Walk into a brewery and look for a taplist, and you’re likely to find one scrawled behind the bar in chalk. That’s true at Birdsong Brewing in NoDa, but for the past few years some of its finest chalk work has been hidden in the back, far from the wandering eyes of patrons enjoying beers and complimentary peanuts.
Three years ago, the staffers at Birdsong slathered chalkboard paint all over the outside of their walk-in cooler that housed kegs. After that dried, they sketched gridlines across and proceeded to fill in the resulting rectangles – in blue, yellow, white, orange and pink – with the names of their accounts. When a new bar or restaurant started carrying Birdsong’s beer, its name was added.
Until about a year and a half ago. Birdsong had grown at such a rapid pace, they were struggling to keep up with demand, despite bringing in additional fermenting tanks. In order to keep existing customers stocked with popular beers like Higher Ground IPA and Jalapeño Pale Ale, they had to stop taking on new accounts.
The solution wasn’t as simple as bringing in more tanks; there was no more space. So last May, the owners of the brewery announced they would move operations to a much larger facility at 1016 N. Davidson St., about a mile from its current home.
Birdsong will unveil this new brewery and taproom to the public with a grand opening 1-11 p.m. April 4.
At more than 17,000 square feet, the space dwarfs the old location and boasts a new 30-barrel brewhouse that has been operational for a few weeks now. A canning line sits quietly awaiting the 16-ounce cans needed to package the brewery’s Jalapeño Pale Ale (expect those later this spring).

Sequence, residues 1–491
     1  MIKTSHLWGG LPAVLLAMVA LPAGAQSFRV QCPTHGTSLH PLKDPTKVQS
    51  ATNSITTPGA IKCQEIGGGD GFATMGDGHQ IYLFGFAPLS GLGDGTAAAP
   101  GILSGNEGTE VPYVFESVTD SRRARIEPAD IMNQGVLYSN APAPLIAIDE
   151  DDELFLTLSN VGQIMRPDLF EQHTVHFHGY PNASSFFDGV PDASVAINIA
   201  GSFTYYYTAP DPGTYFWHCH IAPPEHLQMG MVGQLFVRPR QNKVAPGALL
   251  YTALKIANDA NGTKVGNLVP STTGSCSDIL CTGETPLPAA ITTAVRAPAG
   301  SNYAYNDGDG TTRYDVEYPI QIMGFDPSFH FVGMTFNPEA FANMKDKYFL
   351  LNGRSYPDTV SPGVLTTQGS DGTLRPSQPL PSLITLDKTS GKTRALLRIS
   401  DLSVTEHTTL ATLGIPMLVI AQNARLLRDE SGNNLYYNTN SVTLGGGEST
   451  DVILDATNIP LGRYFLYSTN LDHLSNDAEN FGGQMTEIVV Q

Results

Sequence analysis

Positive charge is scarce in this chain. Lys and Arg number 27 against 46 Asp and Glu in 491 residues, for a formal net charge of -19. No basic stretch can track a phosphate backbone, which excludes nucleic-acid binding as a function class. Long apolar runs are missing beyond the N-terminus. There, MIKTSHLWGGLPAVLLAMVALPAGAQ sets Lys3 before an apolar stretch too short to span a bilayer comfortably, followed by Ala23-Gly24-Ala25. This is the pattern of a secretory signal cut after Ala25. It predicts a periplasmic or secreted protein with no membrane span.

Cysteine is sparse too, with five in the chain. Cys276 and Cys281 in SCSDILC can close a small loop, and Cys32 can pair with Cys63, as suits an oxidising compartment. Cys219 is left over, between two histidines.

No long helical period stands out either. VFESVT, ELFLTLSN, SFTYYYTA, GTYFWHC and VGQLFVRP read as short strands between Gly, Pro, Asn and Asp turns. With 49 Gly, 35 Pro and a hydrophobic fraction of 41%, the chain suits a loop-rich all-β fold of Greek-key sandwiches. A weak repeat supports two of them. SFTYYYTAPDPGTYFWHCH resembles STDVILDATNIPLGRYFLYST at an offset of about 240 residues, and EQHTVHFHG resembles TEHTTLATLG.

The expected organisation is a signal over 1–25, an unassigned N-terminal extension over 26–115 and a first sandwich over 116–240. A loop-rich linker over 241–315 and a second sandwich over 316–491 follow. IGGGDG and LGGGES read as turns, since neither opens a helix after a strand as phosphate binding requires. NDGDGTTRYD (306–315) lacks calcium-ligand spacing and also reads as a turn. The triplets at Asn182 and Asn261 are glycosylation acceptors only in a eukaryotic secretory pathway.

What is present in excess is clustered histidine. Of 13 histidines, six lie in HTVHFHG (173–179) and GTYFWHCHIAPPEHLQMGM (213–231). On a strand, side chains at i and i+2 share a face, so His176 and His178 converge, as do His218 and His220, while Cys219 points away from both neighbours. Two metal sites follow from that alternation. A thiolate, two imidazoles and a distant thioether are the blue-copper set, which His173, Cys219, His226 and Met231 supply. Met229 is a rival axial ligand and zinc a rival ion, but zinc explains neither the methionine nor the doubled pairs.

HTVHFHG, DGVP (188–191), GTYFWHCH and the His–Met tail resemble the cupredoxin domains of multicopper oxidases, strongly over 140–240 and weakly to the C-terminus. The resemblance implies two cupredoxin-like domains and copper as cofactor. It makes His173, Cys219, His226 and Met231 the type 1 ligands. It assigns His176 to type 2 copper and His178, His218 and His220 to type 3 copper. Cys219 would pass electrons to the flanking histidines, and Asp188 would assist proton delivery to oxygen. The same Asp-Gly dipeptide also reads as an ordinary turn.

New, much larger tanks are bubbling with fresh beer for the grand opening. And Birdsong will also pull out some barrel-aged beers for its first day in the space. On tap will be both red wine and bourbon barrel-aged versions of its MexiCali Stout, plus bourbon barrel-aged St. Tuber Abbey Ale and many other aged treats.
The new taproom is decidedly rustic, the bar a sweeping crescent of rich wood atop rusted metal. Look at that metal closely and you’ll spy USB outlets, handy to anyone in need of a quick phone charge. The tables in front of the bar – sitting upon legs fashioned out of trees – match its semicircular shape.
The finest handiwork, though, might not be the bar but what’s just behind it: that old walk-in cooler, freshly painted, keeping cool the kegs that supply the 18 taps.
After working on the space for the better part of the last year, the crew at Birdsong is finally ready to chalk up a few more names on that wall.
Sip of the Week
Bird on a Wire, Birdsong Brewing (Charlotte) and Hi-Wire Brewing (Asheville)
$8.99 for a 22-ounce bomber
Last month, Birdsong Brewing’s Conor Robinson visited Hi-Wire Brewing in Asheville to brew Bird on a Wire, a collaboration between the two breweries. The beer is a Scotch-style ale (also known as a Wee Heavy) brewed with peated malt, which contributes an earthy smokiness not uncommon in some Scotch whisky. The smoke is not overdone or harsh, but rather rounded and balanced by the sweet, caramel malt profile. Find this one at Birdsong’s brewery or in better beer stores.